I had my first child a decade ago. At the time, I had the statutory right to a paltry four months’ maternity leave, because I had become pregnant quickly after starting my job. (I managed to take eight – thanks to my enlightened boss). My partner had the right to a mere fortnight of paternity leave, starting at the birth.
Now, nice as it was for us both to be around in those first couple of weeks, my baby was typical in that she spent most of her first fortnight asleep. During the ensuing months of wonderment, bonding, colic and projectile vomiting, I was on my own all day. I liked looking after my smiley bundle of baby, but sometimes, the days were very, very long indeed. Most days, adult company centred on groups where we sang that the wheels on the bus go round and round. And round, and round. I got very envious of my partner for getting to go out into the wider world. I shouted at him for stopping for a coffee on the way to work.
Being wrenched from full-time brain- and people- work, dealing with global issues, to full time parenthood, didn’t work very well for me. I wanted to spend lots of time looking after my baby, sure – but I wanted my life to have other aspects, too. And meanwhile my partner wasn’t getting time to get to know our baby, because he was at work so much. And the baby was surely getting the impression that she had one main parent and one distant one, rather than two equal ones, which was how said parents felt about it.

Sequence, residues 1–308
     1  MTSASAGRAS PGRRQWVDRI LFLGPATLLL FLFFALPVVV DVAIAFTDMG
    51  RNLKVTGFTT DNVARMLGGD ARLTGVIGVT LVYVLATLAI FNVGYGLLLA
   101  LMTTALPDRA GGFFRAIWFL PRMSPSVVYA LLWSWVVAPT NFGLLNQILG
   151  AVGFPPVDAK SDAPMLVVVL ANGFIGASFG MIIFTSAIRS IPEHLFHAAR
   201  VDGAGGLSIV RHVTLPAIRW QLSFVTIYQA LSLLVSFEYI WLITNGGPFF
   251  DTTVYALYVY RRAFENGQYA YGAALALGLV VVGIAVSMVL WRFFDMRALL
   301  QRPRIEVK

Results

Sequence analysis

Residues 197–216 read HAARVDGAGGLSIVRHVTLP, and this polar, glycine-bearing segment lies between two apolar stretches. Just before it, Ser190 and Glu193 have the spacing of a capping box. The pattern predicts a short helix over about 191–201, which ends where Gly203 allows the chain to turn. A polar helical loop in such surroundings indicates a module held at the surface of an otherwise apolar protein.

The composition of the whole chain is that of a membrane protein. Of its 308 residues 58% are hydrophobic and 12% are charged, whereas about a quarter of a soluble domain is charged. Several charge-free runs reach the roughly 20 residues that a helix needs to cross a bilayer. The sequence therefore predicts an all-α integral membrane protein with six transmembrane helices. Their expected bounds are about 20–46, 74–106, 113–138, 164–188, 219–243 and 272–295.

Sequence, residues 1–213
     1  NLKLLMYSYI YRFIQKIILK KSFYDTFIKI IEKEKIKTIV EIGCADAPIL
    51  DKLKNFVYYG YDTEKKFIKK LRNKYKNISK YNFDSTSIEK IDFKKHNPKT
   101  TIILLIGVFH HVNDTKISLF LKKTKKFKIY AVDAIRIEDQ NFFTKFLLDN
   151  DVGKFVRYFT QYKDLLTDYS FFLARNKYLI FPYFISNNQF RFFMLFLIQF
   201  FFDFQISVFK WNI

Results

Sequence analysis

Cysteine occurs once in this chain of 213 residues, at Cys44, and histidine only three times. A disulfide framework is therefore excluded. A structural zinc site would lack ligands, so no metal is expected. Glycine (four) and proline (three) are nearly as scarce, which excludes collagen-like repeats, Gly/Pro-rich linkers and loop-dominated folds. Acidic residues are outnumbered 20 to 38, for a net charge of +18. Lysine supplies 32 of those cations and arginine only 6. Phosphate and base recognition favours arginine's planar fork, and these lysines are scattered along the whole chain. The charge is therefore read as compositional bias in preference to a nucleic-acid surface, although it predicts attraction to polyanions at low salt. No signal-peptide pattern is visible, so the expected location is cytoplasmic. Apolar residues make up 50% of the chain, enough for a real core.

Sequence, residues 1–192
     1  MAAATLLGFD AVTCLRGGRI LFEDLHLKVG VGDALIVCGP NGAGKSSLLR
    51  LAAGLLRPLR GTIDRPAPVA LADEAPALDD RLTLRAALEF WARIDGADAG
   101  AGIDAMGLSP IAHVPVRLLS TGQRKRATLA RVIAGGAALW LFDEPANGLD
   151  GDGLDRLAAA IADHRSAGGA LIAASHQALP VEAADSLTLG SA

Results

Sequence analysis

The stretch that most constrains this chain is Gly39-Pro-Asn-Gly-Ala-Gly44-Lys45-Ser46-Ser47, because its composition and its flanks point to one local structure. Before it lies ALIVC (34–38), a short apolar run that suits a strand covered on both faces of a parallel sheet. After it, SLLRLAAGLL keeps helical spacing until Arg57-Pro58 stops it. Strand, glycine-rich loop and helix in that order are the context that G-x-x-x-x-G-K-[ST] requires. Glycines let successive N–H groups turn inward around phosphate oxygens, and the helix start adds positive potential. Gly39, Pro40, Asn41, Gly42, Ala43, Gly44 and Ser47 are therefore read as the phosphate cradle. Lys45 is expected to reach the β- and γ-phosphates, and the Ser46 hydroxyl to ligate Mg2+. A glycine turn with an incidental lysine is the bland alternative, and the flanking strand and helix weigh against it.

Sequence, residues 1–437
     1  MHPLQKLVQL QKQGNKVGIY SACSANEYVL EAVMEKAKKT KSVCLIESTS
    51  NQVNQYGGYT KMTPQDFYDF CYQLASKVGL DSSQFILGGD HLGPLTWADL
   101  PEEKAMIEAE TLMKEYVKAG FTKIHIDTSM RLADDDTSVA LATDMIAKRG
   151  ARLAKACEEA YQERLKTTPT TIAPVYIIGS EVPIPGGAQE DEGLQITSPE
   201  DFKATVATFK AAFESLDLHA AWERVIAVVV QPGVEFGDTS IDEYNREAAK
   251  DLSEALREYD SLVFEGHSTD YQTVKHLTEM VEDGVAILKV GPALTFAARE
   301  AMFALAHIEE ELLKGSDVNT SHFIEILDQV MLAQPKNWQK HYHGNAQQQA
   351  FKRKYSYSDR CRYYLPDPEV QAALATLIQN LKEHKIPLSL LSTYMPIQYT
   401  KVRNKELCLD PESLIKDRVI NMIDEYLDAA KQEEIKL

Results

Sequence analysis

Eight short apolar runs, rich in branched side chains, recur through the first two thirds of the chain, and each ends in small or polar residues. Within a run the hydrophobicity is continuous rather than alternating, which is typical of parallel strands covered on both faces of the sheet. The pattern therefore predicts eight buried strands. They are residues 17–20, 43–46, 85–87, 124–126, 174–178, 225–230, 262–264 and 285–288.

Yet, once I had recovered from the birth, and once breastfeeding was part- rather than full-time, there was absolutely no reason why I, as the female half of the partnership, needed to be at home full time, and no reason why my partner could not do just as good a job of parenting.
But I didn’t think I would see change on this in my lifetime.
So this is a lesson in what is possible. Fast forward ten years. Maternity leave in the UK is now a full year; it has increased three-fold in ten years. And recently I have realised that something else, something bigger, has changed. I came across three couples, in one week, where dad is taking daddy leave. Not that nice-but-token fortnight at the beginning, but sharing the year of ‘maternity’ leave, so that mum and dad take six months each, or mum takes nine and dad three. More dads appear to be taking seriously the idea of equal parenting and equal work-in-the-world, from the very start. And next year the law will formally offer this option.
It is living evidence that, with political support for regulatory tweaks, social norms and practices that seem very deeply entrenched can change quite quickly. The unthinkable can become reality.